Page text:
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January 2004 Pick of the Month

U2 Go Home - Live From Slane Castle, Ireland 

Think again! I know that going through your head is “another DVD from the same tour, same album, same heart shaped stage set.” It is a valid suspicion but one that is crumpled in the hands of the emotions of what is a very unique concert in the lives and careers of the four members of U2. It is not a scandal that they are trying to squeeze the Elevation Tour dry; it would have been an omission of catastrophic proportions if there had not been a record of this event available to the U2 world.

With U2 a concert is always so much more than a collection of songs. They are as they once described “preacher(s) stealing hearts at a travelling show.” There is always so much more going on under and over and in between the riffs and rhymes and drumbeats and basslines, never mind the lyrics. There is always a looking in to the depths of soul and looking out to the furthest of this world’s horizons and a band trying to make sense of it, opening the wounds but ultimately aiming at some healing. 

U2 have always built an emotional powerhouse from what is going on around them. The news or their lives or their faith or their country all tend to blend in a cocktail to build a rock ‘n roll show upon. Maybe never have there been so many such things to blend as in the two gigs that ended the Elevation Tour. Two days at Ireland most famous open air venue had seen 160,000 tickets selling like hot cakes in a population of 3.5 million. This was as major a homecoming as U2 had had in a long time. They had left Dublin to take Elevation on the road with no real concept of how successful a tour that would be. Here they were back with their own tribe, in the place they had refused to leave when fame beckoned. The national pride was obvious.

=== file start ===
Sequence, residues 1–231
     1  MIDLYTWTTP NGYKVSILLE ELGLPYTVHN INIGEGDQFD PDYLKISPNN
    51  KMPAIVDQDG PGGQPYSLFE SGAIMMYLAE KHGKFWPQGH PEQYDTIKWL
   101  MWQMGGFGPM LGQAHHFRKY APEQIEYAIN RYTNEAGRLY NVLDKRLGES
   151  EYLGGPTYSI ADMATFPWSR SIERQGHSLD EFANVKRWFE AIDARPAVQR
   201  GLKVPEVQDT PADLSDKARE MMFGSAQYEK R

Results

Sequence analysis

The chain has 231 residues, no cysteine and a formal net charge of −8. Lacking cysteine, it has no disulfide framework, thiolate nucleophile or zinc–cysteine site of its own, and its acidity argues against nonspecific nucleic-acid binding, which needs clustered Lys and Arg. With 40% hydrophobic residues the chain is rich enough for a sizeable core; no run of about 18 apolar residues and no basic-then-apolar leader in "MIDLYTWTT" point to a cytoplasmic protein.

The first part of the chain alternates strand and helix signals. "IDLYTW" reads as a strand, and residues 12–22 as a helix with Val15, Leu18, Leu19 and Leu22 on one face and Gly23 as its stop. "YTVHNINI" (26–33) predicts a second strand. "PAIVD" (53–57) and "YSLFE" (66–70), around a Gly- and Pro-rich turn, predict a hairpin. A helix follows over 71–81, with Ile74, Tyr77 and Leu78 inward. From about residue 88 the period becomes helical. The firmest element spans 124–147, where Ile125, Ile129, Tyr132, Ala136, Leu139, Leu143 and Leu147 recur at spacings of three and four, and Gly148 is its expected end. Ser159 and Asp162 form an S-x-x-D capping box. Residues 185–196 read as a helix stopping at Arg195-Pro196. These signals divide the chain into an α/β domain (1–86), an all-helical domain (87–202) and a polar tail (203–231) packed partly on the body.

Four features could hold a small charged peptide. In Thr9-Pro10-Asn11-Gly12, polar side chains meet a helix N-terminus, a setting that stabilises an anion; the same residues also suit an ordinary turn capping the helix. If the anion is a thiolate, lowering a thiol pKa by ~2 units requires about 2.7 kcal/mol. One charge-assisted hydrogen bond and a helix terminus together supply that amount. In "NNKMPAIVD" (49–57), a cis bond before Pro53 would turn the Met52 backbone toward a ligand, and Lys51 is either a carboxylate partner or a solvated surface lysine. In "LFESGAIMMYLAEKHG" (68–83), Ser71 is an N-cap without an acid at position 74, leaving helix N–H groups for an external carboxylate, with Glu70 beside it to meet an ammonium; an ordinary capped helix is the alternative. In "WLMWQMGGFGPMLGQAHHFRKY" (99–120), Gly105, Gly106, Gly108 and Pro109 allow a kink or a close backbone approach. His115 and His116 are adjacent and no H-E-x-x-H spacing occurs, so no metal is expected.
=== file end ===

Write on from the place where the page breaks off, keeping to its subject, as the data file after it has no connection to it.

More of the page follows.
Then there is the venue and the obvious historical significance to U2 who played at Slane Castle as support for Thin Lizzy exactly two decades before and Bono introduces one of their first songs "Out of Control" as if it were indeed that day “We’d like to think Phillip Lynott for letting us to open the show. We are a band from the north side of Dublin. We are called U2 and this is our first single. We hope you like it.” Ireland’s premier rock writer Stuart Bailie adds a little more on the historicity in his brilliant inner booklet notes by saying how many vintage U2 t-shorts there were in the crowd. Yes, many would be seeing the band for the first time, getting hooked on the "All That You Can’t Leave Behind" mania but some were here at Slane in ’81 and even before that!

Bailie, being based in Belfast, also sees that this place on the Boyne river is also a fulcrum swinging event in the Irish politics that Bono and the band have immersed themselves in 300 years after the protestant King William of Orange defeated the Roman Catholic King James on the very river that the majestic Slane Castle sits upon. This is U2’s first Irish gig since the Omagh bomb of 1998 when 29 people lost their lives in the worst of all the heinous deeds of the Irish troubles. Tonight during "Sunday Bloody Sunday," Bono with his voice cracking reads out all the names of those killed. The “no mores” have always been a powerful venting of Bono’s anger at the political divisions on his island which sadly have manifested them in the death and devastation so common place in the eighties and early nineties. In "Sunday Bloody Sunday" he calls for compromise and sends the song as this whole tour has sent the entire concert into prayer. Walking into the crowd along the heart shaped stage he chants: - 

              Put your hands in the sky 
               Put your hands in the air
               If you’re the praying kind
               Make this song into a prayer
               Put your hands in the sky
               Put your hands in the air
               If you’re the praying kind
               Cos we’re not going back there